Presentation on theme: "Understanding the Pitt Budget Evaluating Your Investment An overview for Pitt parents and students. May 15, 2012."— Presentation transcript:
Understanding the Pitt Budget Evaluating Your Investment An overview for Pitt parents and students. May 15, 2012
Where the Money Comes From Where it Goes Budget Primer, Fiscal Year 2012 General Fund–Supports Education Money comes primarily from: Tuition Commonwealth appropriation Investment income Sales, services, other Pays for: Teaching Maintenance & facilities Administrative support Institutional financial aid Student services Auxiliaries Self-supporting auxiliary units pay the full cost of operations, including capital investments and maintenance, and receive no taxpayer or tuition monies. Self-Supporting Services: Student housing Food services Bookstores Parking Donated and Research Funds (Restricted) Money comes primarily from: Grant funding for specific research projects Gifts and endowment pay out generally for restricted use by a designated donor Pays for: Some scholarships and fellowships Salaries and benefits for some faculty Research programs, centers School of Medicine Division (SOMD) Money primarily comes from: Tuition from medical students SOMD state funding UPMC support Pays for: Teaching SOMD administration and operations Institutional financial aid Why Research, Endowment, and Gift Dollars Can’t be Used to Reduce Tuition Sources of Revenue
How Pitt Spends its General Fund Budget Primer, Fiscal Year 2012 The proposed budget cut would be a 30% reduction in the appropriation to the General Fund and would force a tuition increase. 62 cents of each dollar goes to academic activities Teaching Academic Support Student Services 14 cents of each dollar goes to financial aid Additional aid is awarded through individual schools, not through the general fund. 12 cents of each dollar goes toward institutional support Administration, budget, accounting,and finance Public safety Central human resource services Central information technology Legal services and compliance 10 cents of each dollar goes to facilities operation and maintenance Facility upkeep and maintenance Utilities 2 cents of each dollar goes to public service Community outreach programs
Declining State Support Drives Up Tuition Budget Primer, Fiscal Year 2012 There is an inverse correlation between state appropriation levels and tuition levels. Mid-1970s: Commonwealth appropriation was more than 30 percent of the University’s total budget. Mid-1990s: Commonwealth appropriation was about 20 percent of the University’s total budget. FY 2013: If the Governor’s proposal succeeds, Commonwealth appropriation will be about 5 percent of the University’s total budget --the lowest level of support (adjusting for inflation) since Pitt became state-related. Cumulative two-year cuts in state support will result in well over $100 million being slashed from our education budget. School of Arts and Sciences Tuition Rates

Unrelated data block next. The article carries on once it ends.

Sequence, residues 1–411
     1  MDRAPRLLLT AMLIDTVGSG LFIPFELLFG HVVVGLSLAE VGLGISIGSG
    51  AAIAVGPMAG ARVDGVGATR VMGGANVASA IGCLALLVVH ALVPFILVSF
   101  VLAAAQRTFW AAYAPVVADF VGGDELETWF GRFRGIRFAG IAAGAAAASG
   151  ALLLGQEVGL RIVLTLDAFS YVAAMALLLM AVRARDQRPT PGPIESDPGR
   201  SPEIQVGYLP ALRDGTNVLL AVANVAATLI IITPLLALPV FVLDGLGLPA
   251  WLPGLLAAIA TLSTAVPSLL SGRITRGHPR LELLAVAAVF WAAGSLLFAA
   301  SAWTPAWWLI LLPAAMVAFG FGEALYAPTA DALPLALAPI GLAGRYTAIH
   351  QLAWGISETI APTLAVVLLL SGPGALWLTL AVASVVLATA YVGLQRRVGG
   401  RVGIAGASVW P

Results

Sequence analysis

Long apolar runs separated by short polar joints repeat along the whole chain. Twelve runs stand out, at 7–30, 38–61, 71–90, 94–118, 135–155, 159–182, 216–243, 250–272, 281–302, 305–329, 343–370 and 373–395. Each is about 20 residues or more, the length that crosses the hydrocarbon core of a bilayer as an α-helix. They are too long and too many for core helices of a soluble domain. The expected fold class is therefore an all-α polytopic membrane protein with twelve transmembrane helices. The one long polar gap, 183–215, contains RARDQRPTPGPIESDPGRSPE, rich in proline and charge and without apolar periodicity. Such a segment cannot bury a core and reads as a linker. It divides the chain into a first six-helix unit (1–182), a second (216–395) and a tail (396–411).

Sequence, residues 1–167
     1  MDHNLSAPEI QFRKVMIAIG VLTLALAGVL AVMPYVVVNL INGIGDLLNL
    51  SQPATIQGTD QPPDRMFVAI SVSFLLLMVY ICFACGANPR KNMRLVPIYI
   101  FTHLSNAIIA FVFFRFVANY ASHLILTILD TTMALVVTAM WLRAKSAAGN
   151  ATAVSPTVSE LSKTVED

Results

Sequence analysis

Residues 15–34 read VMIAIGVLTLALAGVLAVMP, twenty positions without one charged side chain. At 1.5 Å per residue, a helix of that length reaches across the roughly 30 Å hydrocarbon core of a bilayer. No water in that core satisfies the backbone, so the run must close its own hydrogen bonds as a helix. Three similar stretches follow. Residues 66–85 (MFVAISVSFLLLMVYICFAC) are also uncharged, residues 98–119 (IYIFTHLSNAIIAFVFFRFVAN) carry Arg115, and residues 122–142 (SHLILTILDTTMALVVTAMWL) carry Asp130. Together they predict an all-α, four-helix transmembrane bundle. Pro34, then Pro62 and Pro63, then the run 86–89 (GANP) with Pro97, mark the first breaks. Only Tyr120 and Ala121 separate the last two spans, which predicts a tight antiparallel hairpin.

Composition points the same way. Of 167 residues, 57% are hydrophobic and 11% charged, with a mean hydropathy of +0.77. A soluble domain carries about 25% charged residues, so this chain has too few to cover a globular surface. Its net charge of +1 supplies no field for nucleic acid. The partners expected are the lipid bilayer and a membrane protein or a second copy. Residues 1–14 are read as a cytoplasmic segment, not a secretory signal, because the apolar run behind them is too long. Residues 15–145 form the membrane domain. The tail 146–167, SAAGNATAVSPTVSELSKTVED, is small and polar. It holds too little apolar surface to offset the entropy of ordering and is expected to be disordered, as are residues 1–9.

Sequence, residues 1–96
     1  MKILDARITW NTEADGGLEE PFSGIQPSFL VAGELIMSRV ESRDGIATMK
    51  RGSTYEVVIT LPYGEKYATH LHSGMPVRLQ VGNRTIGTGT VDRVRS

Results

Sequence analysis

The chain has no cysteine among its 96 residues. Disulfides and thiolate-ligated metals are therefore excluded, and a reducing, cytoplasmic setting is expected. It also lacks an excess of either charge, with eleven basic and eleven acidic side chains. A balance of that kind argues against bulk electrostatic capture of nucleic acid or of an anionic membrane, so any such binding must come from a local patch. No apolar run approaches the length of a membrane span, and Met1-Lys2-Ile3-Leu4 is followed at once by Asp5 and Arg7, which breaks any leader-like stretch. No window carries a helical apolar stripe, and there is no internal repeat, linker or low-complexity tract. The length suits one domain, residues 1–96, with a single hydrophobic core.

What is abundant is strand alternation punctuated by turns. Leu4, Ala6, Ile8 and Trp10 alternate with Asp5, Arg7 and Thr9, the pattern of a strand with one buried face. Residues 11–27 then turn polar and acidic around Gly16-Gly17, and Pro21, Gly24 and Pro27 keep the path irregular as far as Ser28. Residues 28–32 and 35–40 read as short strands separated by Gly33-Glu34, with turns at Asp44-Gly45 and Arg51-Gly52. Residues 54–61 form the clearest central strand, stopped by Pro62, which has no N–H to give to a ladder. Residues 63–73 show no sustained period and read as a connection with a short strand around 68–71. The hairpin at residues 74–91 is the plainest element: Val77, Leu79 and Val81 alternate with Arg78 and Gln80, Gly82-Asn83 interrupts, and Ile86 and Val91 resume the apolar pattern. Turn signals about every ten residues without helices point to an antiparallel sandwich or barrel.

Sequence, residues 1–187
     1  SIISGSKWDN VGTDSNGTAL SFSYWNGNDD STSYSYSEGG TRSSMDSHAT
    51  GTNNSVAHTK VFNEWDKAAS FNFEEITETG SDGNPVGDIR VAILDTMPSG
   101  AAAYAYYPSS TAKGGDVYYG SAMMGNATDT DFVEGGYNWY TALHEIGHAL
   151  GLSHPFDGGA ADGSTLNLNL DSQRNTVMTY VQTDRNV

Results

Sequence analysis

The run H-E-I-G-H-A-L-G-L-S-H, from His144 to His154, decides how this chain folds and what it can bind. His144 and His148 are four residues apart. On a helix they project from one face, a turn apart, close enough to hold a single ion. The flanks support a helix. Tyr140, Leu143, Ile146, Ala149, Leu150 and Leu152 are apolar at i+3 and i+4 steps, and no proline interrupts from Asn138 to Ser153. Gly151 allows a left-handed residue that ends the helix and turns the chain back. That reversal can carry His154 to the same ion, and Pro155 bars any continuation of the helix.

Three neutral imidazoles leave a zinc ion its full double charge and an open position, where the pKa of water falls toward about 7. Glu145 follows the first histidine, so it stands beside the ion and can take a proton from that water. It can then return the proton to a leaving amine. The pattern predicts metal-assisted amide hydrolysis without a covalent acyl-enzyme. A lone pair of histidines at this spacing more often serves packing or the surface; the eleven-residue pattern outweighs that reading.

Keeping Pitt Affordable: Financial Aid Budget Primer, Fiscal Year 2012 Financial Aid increases from Pitt have been in the double digits for 6 of the last 10 years. In 2010-2011, more than $215 million in total financial aid was given to Pitt undergraduate students. This amount included state, federal, private aid and loans and Pitt institutional aid (not including scholarships awarded by the schools). Institutional undergraduate financial aid has grown much more quickly in percentage terms than tuition, and has well outpaced inflation. During the past five years, need-based aid awarded on the Pittsburgh campus has increased 64.3% or more than 2.5 times the rate of tuition increases. Pitt serves a large number of low-income federal Pell Grant recipients. In 2010 the Pittsburgh campus enrolled a higher fraction of first-time freshmen Pell grant recipients than the other three top research universities in PA. Increases in Pitt Institutional Financial Aid Academic YearFinancial Aid Millions % Increase By Year 2001-2002$15.112.7% 2002-2003$18.019.2% 2003-2004$19.810.0% 2004-2005$21.16.6% 2005-2006$22.98.5% 2006-2007$23.31.7% 2007-2008$27.015.9% 2008-2009$33.122.6% 2009-2010$36.911.5% 2010-2011$38.64.6% Pittsburgh Campus Only
Why Costs are Rising Budget Primer, Fiscal Year 2012 Pitt has faced substantial cost increases in key areas of support to our mission, such as libraries, information technology, and compliance obligations. Increasing costs of operations include public safety initiatives, utility expenditures, and debt service as well as the costs of products and services that Pitt purchases. Because Pitt provides research-based educational programs of the highest caliber, we must invest in state-of-the-art laboratories for student instruction and new technology to support excellence in education. As with all businesses and institutions in the U. S., our health care costs have continued to rise--by $23 million in the past 5 years.